In his last paragraph, Keith tells you exactly what you need to know:

If you want to know who Jesus is, start in the New Testament, the Gospels and the book of John. God knows that your life has meaning and purpose. When you find those two things, you will find something no atheist will ever find — the path to true love, true peace and true contentment.

Keith has given you the answer, dear reader. Now go forth, wiser than before.

Copyright © 2020. The Sensuous Curmudgeon. All rights reserved.

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24 responses to “Creationist Wisdom #1,035: It’s a Miracle!

  1. Let’s say that you are playing poker and you are dealt a natural royal flush. If that was dealt by from a normal 52-card deck, the odds are – well, I don’t remember without looking tha up, but they are slim.
    But if it was dealt from a uber-normal deck, with extra cards, say that someone had added cards from the Uno game, the odds are less.
    Just so, if there is some uber-natural agent, someone or something not limited by the usual chemical elements, the odds are less, one in more than a multiple of 100 gazillion.
    By increasing the possibilities, one decreases the odds.

  2. Homochiralty Is an interesting puzzle. The emerging consensus among the origins of life community runs like this:
    A mixture of left-handed and right-handed units in a polymer won’t work very well. My late friend Graham Cairns-Smith compared this to a workshop, in which you certainly do not want a mixture of left-handed and right-handed screws lying around. So any evolving system of any kind that involves such mixtures would have lost out either to the all-left or to the all-right competition. Whether there is some kind of natural advantage to the way things are, rather than their mirror image, is something people talk about in the bar after the day’s serious work is over.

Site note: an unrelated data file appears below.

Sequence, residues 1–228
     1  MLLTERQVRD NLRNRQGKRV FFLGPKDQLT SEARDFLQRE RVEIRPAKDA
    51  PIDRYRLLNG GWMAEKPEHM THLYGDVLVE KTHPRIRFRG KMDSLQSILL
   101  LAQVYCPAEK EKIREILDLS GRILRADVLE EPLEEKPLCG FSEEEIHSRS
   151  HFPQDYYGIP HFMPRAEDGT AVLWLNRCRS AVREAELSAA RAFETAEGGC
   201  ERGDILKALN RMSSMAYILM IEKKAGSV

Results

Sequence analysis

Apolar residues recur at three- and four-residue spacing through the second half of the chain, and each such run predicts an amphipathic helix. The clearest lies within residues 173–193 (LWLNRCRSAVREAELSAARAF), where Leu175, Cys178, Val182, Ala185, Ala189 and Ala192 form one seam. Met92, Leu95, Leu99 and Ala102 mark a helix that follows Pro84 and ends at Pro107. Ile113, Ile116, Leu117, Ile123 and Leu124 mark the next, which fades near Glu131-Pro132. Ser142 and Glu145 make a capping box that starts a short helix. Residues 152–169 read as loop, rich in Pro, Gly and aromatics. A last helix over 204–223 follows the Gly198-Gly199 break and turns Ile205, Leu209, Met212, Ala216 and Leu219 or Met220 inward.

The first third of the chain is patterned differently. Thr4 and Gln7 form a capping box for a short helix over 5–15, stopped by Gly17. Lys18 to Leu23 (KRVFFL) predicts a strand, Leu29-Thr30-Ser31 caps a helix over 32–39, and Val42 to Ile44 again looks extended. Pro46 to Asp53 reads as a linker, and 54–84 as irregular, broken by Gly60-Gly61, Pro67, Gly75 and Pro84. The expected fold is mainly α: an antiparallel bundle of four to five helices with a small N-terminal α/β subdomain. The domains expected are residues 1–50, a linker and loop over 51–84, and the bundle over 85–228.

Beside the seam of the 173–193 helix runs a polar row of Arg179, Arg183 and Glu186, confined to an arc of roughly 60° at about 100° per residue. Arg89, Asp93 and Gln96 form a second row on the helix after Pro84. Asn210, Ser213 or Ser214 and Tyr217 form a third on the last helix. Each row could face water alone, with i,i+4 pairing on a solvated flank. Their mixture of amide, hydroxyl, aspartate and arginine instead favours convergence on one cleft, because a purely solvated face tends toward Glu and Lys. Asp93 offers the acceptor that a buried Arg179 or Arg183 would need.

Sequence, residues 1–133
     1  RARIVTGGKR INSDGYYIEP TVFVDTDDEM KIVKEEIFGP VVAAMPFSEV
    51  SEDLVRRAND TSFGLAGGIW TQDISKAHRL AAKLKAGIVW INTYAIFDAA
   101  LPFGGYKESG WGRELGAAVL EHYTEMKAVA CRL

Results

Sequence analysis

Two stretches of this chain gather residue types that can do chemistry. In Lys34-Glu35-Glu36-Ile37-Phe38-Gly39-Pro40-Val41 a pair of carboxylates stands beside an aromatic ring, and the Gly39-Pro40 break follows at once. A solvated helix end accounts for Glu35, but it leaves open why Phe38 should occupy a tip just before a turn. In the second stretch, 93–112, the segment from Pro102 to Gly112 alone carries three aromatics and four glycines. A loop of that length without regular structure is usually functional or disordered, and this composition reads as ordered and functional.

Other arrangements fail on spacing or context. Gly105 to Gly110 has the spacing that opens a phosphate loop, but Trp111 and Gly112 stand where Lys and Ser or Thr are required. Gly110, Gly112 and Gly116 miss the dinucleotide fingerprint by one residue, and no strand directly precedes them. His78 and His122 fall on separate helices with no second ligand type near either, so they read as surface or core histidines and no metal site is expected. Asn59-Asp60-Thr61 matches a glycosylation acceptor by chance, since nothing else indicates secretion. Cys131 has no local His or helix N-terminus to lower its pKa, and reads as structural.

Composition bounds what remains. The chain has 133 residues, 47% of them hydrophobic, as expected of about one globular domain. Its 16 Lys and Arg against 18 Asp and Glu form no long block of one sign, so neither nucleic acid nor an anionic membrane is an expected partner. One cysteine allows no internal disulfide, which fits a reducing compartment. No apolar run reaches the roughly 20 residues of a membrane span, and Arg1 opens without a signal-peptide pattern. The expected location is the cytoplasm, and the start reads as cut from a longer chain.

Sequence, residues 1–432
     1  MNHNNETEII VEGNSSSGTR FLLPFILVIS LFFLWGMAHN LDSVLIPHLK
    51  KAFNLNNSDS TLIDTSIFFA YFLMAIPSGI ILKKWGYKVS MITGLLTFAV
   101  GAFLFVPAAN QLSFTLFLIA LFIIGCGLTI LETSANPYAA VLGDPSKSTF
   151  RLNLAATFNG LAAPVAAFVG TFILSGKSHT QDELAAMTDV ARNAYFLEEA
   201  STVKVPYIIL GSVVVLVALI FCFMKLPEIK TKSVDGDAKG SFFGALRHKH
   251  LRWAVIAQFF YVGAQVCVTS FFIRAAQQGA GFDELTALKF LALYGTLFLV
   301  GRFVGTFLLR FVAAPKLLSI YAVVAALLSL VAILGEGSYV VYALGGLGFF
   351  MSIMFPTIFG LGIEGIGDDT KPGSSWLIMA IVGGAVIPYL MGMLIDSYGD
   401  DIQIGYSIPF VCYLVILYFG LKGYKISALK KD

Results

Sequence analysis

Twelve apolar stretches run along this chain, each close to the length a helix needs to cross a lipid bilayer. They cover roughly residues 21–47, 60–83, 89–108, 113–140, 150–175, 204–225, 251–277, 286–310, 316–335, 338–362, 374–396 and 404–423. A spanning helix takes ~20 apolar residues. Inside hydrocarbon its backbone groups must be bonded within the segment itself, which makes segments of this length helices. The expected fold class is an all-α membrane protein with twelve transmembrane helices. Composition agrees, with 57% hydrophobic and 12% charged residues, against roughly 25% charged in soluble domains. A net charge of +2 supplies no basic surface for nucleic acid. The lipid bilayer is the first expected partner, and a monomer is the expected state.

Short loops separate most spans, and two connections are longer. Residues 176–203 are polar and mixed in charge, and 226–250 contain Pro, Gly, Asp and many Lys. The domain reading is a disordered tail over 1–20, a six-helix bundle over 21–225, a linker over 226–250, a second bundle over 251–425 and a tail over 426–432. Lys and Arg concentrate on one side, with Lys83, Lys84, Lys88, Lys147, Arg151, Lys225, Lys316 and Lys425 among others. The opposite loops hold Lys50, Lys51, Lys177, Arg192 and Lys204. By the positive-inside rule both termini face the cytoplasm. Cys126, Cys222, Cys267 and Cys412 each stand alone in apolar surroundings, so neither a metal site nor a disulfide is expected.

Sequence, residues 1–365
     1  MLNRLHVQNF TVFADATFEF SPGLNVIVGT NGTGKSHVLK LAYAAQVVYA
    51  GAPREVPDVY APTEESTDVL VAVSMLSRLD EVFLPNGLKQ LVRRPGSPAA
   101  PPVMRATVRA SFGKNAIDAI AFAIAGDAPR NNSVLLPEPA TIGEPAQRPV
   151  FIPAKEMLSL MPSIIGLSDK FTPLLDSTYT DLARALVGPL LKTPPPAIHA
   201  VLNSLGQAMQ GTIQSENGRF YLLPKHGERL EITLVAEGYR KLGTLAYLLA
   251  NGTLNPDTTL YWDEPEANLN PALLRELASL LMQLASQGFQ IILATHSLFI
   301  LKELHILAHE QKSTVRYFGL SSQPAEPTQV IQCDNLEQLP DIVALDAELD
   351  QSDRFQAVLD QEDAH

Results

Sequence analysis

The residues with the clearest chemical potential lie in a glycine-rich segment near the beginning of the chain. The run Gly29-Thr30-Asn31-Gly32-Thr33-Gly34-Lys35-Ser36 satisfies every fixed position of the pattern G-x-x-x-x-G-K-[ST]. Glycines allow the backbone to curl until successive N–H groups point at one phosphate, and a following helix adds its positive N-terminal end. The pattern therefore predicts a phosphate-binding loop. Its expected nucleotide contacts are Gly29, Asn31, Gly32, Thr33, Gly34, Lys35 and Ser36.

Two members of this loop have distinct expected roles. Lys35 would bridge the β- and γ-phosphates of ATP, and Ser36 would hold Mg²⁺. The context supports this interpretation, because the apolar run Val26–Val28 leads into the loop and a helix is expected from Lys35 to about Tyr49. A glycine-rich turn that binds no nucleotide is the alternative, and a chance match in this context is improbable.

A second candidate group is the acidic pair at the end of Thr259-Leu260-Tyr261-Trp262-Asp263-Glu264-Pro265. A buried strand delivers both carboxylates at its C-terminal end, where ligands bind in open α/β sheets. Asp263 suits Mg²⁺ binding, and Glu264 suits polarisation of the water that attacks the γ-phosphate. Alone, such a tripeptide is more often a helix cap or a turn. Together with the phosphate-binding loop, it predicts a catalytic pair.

Technical note: imagine you have a random mixture of polymers, 100 units long, and each unit could be either left-handed or right-handed. So you have 2^100 or roughly 10^30 possibilities. But a little reflection shows that in any reasonable sample you will have only around 10^23 actual molecules. So that means that only a small fraction of possibilities is realised, and if any of the possibilities is favoured in any way, it is very unlikely that its mirror image is also present in the mix. That’s why discussion about the relative merits of one handedness versus the other handedness have been relegated to the bar

  3. Michael Fugate

    And why do human populations have different alphabets? – oh, the Tower of Babel.
    Keith pull your head out.

  4. If humans were designed for a purpose ….
    Consider the complex relationship between humans and chimps and other apes. Was that relationship for a purpose. That humans have a purpose closest to the purposes for chimps.
    Or was the relationship just a matter of common descent?